Also dead are Incarnación Lacio Sandoval and a man identified by the first name of Theodoro, who 

was a companion and perhaps the husband of the 
dead woman, according to the Judicial Investigating Organization.

The shooting was the culmination of a long-running dispute between the two households and took place about 9:30 a.m., investigators said.

The man confronted the couple over a personal matter and ended up pulling out a gun. The woman was shot at least eight times, according to police at the scene.

After shooting the two victims, the man killed himself with one shot to the head.

Writing about the bad things in Costa Rica important, too
Taxista advice 

I had a chatty taxi driver the other day. I couldn’t believe my luck when he stopped at the light on Avenida Segunda next to the National Theater in a downpour. I was grateful, and I told him so.

By the time we were halfway home he knew I was here alone, had two children in the States and wrote about Costa Rica for A.M. Costa Rica. When he asked what I wrote about, I  told him about the city, the parks, the ferias, the kindness of the Costa Rican people. After a bit he said, "Yes, but you must also write about the bad things, too, or tourists will come here expecting only good things and get into trouble and never want to come back." 

So, Señor Taxista, here are some of the bad things — well, maybe. Tourists want to know  about the beaches and the rain and cloud forests (in case you wondered, a cloud forest is just a rain forest with an altitude), and hotels and stuff outside the city. And it is true when my friends say I am a "city girl" (a figure of speech), I would be as happy spending time in the seven greatest cities in the world as I would gazing at the seven wonders of the natural  world . . . well, nearly.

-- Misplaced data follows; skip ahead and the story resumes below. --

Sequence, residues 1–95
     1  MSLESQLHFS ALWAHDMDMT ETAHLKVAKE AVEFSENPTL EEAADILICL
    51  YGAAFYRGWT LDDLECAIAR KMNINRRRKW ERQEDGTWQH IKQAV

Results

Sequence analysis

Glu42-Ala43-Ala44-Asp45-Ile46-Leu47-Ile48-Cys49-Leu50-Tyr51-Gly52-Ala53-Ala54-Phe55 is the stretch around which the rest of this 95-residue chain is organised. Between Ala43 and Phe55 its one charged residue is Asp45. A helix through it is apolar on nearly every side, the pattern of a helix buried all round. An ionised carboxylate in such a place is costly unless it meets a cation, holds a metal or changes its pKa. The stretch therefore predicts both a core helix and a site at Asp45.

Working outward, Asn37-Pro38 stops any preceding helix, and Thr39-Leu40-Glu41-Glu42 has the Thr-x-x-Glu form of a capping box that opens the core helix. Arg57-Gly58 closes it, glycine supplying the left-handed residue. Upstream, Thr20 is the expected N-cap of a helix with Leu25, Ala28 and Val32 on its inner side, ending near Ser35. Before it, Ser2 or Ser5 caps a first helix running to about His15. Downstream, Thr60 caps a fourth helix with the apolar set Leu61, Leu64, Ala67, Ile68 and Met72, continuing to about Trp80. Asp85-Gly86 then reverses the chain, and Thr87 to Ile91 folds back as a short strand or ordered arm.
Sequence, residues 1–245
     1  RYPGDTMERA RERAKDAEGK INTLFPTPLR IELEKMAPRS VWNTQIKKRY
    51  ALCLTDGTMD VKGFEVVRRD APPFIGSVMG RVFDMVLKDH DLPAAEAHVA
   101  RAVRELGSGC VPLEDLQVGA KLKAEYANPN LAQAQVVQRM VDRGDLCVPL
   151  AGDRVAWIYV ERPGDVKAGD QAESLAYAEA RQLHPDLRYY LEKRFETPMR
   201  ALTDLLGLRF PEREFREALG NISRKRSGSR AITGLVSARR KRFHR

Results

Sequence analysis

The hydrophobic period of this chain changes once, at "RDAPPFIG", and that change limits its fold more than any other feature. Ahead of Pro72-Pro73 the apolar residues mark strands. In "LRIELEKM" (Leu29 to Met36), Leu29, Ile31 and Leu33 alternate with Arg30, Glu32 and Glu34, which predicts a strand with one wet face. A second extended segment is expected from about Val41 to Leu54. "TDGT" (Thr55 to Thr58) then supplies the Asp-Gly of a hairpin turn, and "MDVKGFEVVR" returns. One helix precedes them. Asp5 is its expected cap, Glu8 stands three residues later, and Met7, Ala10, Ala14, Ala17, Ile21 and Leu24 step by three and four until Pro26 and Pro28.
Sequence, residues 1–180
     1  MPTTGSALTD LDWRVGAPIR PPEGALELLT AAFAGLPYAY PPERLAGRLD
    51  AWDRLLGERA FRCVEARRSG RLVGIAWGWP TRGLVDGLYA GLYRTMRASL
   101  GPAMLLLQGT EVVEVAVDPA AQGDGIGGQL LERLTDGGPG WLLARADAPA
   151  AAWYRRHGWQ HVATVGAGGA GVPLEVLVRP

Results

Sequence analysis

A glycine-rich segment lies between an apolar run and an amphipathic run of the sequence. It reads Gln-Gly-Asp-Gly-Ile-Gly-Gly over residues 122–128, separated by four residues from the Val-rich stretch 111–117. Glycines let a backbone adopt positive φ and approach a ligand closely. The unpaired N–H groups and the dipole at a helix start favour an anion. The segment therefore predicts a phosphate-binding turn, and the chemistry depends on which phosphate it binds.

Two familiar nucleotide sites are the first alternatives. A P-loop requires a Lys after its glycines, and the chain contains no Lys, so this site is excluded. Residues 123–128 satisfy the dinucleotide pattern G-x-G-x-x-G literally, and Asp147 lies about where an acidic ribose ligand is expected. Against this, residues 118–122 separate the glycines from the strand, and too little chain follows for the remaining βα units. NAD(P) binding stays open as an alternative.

Let me start by saying that one of the more unfortunate things to happen in Costa Rica was President Jose Maria Figueres’ announcement upon becoming president, that if rich Americans, et al., could afford to spend $700 to come to Costa Rica, they could afford to pay $15 to see its wonderful national parks. 

Granted, the fees to enter the national parks was  ridiculously low, but $15 for each? I winced when I heard this because I knew what would happen. Every small hotel owner, every pension and bed-and-breakfast owner —  everybody in the tourist business — thought, "If they can pay $15 to see a park, they can pay more than the $20 (or whatever nice low price) they are paying for what I have." 

And prices went up all over Costa Rica, without a concomitant rise in the quality of service, 

A.M. Costa Rica photo
Justin, a street child, mugs for the camera
Living in Costa Rica

. . .Where the living is good

By Jo Stuart

accommodations or product. Suddenly, Costa Rica 
was no longer the reasonable destination of natural wonders and beautiful people. 

The only thing that went down was the number of  tourists who came to visit. It took a few years and a change in policy to recover from that, but prices, I think, are still too high. (Although with the world situation the way it is now,  and hearing that the government is suggesting that hotels lower their prices, I suggest you negotiate.)

Another unfortunate (unfortunate is too tame a word — tragic is better) turn of events is the  increase in the number of homeless children on the streets. This, too, involves the government action, or lack of it. With the withdrawal of money for the Salvation Army shelters, some 200 children were simply dumped onto the streets. 

If you walk in San Jose early in the morning, you will see the youngsters, not in groups, but in lonely, and probably hungry, isolation, huddled in doorways or under cardboard near trash, waking up from a nightmare night. It is scary when a country gives up on its children.